As she grew older, Queen Elizabeth I became more and more interested in 'English' dances, as opposed to those
of Continental origin, and on her journeys through the countryside it was customary to bring the country people
to dance before her;
" 'Her Majestie is in very good health and comes much abroad these holidayes: for almost every night she is in
the presence to see the ladies daunce the old and the new Country dances, with the tabor and pipe"

1591 Queen Elizabeth visited Cowdray, where she watched Lord and Lady Montagu dancing with their tenants and
"'in the evening the countrie people presented themselves to hir Majestie in a pleasaunt daunce with tabor and pipe"

Nichols, J. 'Progresses of Qneen Elizabeth. Vol. II. The Qneene's Entertainment at Cowdrey' p. 6 in 'THE DANCE and SOCIETY
A Sociological Analysis of the Inter-relationship of the Social Dance and Society in England from the Age of Chaucer to the Present Day'

“On Thursday the lords and ladies dined at a table forty-eight yards long, and there was a country dance
with pipe and tabor which drew from her Majesty gentle applause.”

Highways and Byways in Sussex, by E V Lucas, 1904, p5


" London is so full of unprofitable pipers and fiddlers, that
a man can no sooner enter a tavern, than two or three cast of
them hang at his heels, to give him a dance before he depart."

In the thirty-ninth year of Elizabeth (1597), a law was
promulgated against these humble sons of the
Muses, by which all minstrels, "wandering abroad,"
were classed as "rogues, vagabonds, and sturdy
beggars," and were promised severe punishment.

' Short Apologia of the Schoole of Abuse,' Gosson, page 277

1598 ' Love's Labour's Lost - Act 5' by William Shakespeare

“…Dull. I'll make one in a dance, or so; or I will play
On the tabor to the Worthies, and let them dance the hay….”

other Shakespeare quotes here


“In 1599 Elizabeth paid her last visit to Hampton Court, as determined as ever to be young and frivolous.
She was seen through a window dancing 'The Spanish Panic (? pavane) to a whistle and tabourem 
(pipe and tabor), none being with her but my Lady Warwick.'”

From: an unpublished report of Lord Semple of Beltreis to the King of Scots,
in possession of Sir John Maxwell of Polloc; cit. Strickland, 'Lives of the Queens of Engl'. iv, 710.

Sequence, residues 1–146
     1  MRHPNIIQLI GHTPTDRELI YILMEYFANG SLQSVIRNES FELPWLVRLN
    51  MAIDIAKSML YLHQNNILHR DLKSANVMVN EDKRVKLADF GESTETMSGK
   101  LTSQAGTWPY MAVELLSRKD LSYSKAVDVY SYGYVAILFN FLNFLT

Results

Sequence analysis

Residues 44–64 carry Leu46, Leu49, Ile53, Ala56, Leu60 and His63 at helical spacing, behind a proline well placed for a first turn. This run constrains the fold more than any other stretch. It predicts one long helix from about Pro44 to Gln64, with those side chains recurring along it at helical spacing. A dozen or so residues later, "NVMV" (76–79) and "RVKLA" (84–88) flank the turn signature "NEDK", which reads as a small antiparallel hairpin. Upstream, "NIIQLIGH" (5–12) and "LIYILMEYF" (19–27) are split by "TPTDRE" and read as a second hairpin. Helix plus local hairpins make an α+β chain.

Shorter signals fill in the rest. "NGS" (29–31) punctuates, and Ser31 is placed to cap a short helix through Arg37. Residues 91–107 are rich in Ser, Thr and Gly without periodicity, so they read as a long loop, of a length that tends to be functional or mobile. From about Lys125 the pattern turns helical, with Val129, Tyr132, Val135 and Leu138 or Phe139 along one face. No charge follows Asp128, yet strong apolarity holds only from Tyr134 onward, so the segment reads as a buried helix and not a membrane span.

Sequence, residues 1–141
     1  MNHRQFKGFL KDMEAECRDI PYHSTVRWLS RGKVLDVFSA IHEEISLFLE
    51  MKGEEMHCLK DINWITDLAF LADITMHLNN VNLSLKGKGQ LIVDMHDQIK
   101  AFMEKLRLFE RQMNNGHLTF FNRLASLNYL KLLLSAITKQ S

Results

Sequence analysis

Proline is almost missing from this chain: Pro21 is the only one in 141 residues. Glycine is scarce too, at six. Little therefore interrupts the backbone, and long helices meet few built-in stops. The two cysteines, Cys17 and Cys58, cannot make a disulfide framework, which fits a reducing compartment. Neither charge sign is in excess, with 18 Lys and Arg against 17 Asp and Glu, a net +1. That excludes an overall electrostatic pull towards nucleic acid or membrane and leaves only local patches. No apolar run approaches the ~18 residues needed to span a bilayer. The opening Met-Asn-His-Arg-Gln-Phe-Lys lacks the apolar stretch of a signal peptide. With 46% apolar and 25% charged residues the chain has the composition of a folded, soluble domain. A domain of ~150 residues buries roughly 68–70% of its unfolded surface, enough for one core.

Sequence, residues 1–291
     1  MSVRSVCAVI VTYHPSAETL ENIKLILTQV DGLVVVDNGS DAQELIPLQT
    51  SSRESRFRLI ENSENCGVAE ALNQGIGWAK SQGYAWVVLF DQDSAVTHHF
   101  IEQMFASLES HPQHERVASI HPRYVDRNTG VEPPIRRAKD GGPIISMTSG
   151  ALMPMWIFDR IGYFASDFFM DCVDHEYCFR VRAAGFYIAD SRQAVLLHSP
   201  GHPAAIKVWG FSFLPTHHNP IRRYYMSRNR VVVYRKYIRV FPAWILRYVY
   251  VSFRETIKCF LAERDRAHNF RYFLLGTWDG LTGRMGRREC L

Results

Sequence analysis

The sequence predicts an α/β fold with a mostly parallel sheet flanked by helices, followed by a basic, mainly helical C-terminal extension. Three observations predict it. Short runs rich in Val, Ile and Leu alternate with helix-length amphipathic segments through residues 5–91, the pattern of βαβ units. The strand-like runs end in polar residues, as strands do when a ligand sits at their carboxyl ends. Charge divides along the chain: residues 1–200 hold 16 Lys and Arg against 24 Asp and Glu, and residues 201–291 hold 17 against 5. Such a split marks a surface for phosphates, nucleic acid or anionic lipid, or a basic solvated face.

1600 Queen Elizabeth: 1600

1602 On 19th September, the Earl of Worcester wrote to the Earl of Shrewsbury, reporting on Queen Elizabeth's
'progress' saying: 
 “Wee are frolyke heare in Cowrt; mutche dawncing in the privi chamber of Contrey dawnces before the Queene maiestie,
who is exceedingly pleased therewith. “

quoted in ‘Framing a Ditty for Elizabeth: Thoughts on Music for the 1602 Summer Progress’ by Ross Duffin, 2020

1602 also the “letters between the Earls of Salisbury and Worcester, 1602, describe the dancing
of country dances with the pipe and tabor in the palace of Nonesuch at Cheam.”

'Playford's English Dancing Master 1651' by margaret dean-smith f.s.a. 1957

folk customs

1569 folk customs from Newport, Isle of Wight:

“And assone as ye said commen people ar spedde competentlie with greene bowes they retorne home
in marchinge arraye the commoners before the keapers folowinge them: next ye minstrell vice & morisse
daunceres after ye Sergeantes with their maces….”

There was a separate May Day procession for the ladies:
" ye bailives wifes with their sisters ye comburges wifes orderlie in their degree by cooples to walke foorthe
to Bugge berie [Buckbury] for custome & pleasure onlye ye Lorde ye morisse daunceres ye vice & mynstrell
plainge before them"
page 22

1585 “In a diocesan letter of May 1585, Bishop Cooper of Winchester had forbidden May-games
"and other vaine pastimes upon the Sabath Dayes"
page 26

1596 “an elaborate feast which took place in the forest in August, 1596…there weare ye Cheyfe youth
of ye yeomandrye that dawnced ye morreyce (then in request) all kind of musike, and Dawncinge”
a celebration in Newport recorded by Sir John Oglander, the deputy Captain of the Island in the
1620s and 1630s, in his Commonplace Books.

from 'Newport Ligger Book' quoted in ‘THE WOOD EAVES’ by Jane Cowling

1592 High Commission Order for the Suppression of Entertainments:
“…beinge led awaye with vaine & phantasticall delightes (much more lyke Infydelles then christians) have
verye often & yat by great troupes mayde yer repaire eyther to Rushbearinges Burkes/ may powles/ may games/
 morrisdances/ gilldalles/ Somergames/ with other pypinges & daunsinges bulbaytinge bearebaytinges or to some
other unlawfull or ungodlye pastimes frequentinge allso feastes/ drinkinges/ Stage plaies/ rydiculus shewes/ wakes/
flours of the well & other ethnicall & unchristian metinges & conventicles wherebye the Sabaoth hath been usuallie prophaned…”